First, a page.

Google said in the official Blogger blog that it had deleted more than 13,000 blogs during the "spamalanche."
As for the general threat of splog, blog search provider Technorati's State of the Blogosphere report estimated that 5.8 percent of new blogs overall, or about 50,000 posts on average, are fake or potentially fake.
Some affected bloggers complained that Google was to blame. "Google: Kill BlogSpot Already!" Pirillo wrote in his blog Monday.
"BlogSpot has become nothing but a crapfarm, and your brand is going to go down with it," he wrote. "If your motto truly is to do no evil, then you need to start putting some resources behind an effort to curb this train wreck."
In his frustration, Pirillo created a short video with screenshots showing him scrolling past the hundreds of splog listings in the PubSub RSS feed folder in his in-box.
Google's Jason Goldman, product manager for Blogger, said Google has been working to address the splog problem for a while, instituting precautions such as allowing users to flag suspicious blogs as potential fakes and prompting blog creators to manually transcribe distorted words to verify that the blog was created by a human and not a machine.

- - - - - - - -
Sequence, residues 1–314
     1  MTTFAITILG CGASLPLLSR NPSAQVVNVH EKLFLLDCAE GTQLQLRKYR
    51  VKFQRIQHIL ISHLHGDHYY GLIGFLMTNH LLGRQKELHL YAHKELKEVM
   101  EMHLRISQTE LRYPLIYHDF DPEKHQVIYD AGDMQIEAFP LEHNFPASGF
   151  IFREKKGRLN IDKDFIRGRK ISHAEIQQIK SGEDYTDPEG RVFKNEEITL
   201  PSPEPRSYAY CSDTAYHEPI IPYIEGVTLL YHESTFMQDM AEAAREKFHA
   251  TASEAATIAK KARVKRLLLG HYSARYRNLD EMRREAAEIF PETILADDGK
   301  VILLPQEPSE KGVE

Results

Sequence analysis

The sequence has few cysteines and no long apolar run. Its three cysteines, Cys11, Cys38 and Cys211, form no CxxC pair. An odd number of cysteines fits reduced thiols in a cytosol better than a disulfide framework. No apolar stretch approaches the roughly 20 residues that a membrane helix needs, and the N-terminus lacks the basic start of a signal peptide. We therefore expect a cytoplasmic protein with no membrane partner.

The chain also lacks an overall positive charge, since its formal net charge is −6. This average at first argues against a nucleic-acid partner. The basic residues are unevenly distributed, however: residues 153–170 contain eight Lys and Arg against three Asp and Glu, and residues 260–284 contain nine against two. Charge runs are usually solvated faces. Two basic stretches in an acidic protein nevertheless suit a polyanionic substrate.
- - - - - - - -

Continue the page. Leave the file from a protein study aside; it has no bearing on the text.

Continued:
Goldman admitted that the weekend attack showed that those preventative tools are "broken" and serve as deterrents rather than outright solutions. He also said Google launched a feature Wednesday that would force suspected spammers to transcribe distorted words before pushing through individual blog posts. And he said Google is not alone in being attacked.
"Weblogs in general are having a problem with spam right now, not just Blogger," he said. "While it is a problem, it is certainly not the majority case on BlogSpot, at all."
Wyman said Blogger-BlogSpot and other blogging services should do more to monitor postings to keep spammers out. However, he defended Google, saying the company's blogging service was an easy target because it is simple to use, has an open API and is free.
"They've done a good job," he said. "That's the reason this is happening."